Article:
Wasting Food Feeds Climate Change

Surely clearing out that mystery mouldy item in the fridge is harmless to anyone except the person doing the clean up? Think again! Brighton & Hove Food Partnership ask us to consider the wider consequences of food waste with their latest campaign.

Did you know that throwing away food is one of the biggest contributors to climate change? Around 25-30% of global greenhouse gases are caused by food production but a third of all food produced is never eaten.

In the UK, most food waste – 70% – is wasted in our homes. Each year we chuck 4.5 million tonnes of edible food into our bins together with all the resources it took to produce and bring it to us. To appreciate the scale of it, an area the size of Wales would be needed to grow all the food that we throw away in the UK.  

The most commonly wasted foods include milk, bread, potatoes, tomatoes, bananas and poultry. To give an example, we throw away 20 million slices of bread each day or half a loaf per person. Crumbs! If that’s not a fact to make you look up a recipe for bread and butter pudding, then how about this; If we stopped wasting food for just one day, it would benefit the environment as much as planting half a million trees.  As well as being a significant contributor to global warming, wasting food costs us dearly; £720 a year on average for a family of four. It’s the equivalent of losing a bag of lovely food on a weekly shop.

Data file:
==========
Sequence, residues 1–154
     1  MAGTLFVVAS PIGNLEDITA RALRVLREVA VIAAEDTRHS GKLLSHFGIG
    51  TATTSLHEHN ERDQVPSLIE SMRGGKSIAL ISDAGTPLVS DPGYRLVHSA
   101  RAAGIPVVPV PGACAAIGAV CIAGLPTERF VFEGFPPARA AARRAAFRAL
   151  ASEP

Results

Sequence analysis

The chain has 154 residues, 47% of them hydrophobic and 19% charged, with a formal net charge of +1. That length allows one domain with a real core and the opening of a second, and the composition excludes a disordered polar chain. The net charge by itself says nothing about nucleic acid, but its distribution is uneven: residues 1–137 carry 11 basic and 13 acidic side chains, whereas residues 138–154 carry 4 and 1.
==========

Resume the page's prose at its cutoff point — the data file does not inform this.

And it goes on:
But there is some good news. According to the national waste advisor WRAP, we wasted less food during lockdown. Being at home made us check in our fridges more often and use up our leftovers. We just need to keep up the good habits. After all, it’s the easiest and cheapest way to help the environment. 

To highlight the impact that wasting food has on climate change, this year Brighton and Hove Food Partnership have launched a citywide food use campaign to get us feeding bellies and not bins. Brighton and Hove Food Partnership will be organising citywide activities for the first ever national Food Waste Action Week from 1 – 7 March. Visit their website and find out how you can get involved or join in the conversation and share your food use tips by following @btnhovefood on Facebook, Twitter or Instagram.  In the meantime, here are 3 tips that can make a big difference to the amount of food wasted in the home.  

1. Make a shopping list and meal plan before you shop. It’s never a good idea to go shopping when hungry as you tend to buy more than you need.

2. Chill the fridge out. Your fridge will keep food safer for longer if set between 2 and 5 degrees.  

3. Freeze leftovers and things typically wasted like bread and milk. Food can be frozen right up to its ‘use by’ date. Make sure your freezer is below -18 degrees.
Brighton and Hove Food Partnership recently led the city’s bid for the Gold Sustainable Food Places Award. Brighton and Hove is the first city in the UK to have achieved this award. 

BHOGG will be signing up to an activity around growing and eating seasonally.  Got any good tips on seasonal veg and recipes?  Contact us at: bhogg.org@gmail.com

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